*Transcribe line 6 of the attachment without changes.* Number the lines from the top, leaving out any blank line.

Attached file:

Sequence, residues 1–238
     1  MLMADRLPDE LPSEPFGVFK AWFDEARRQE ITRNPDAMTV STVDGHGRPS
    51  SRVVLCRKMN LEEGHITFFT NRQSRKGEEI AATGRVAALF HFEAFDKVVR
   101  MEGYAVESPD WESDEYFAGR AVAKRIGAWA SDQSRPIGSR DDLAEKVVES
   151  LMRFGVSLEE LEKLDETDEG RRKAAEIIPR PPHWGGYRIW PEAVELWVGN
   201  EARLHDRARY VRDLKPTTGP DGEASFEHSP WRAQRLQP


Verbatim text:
   201  EARLHDRARY VRDLKPTTGP DGEASFEHSP WRAQRLQP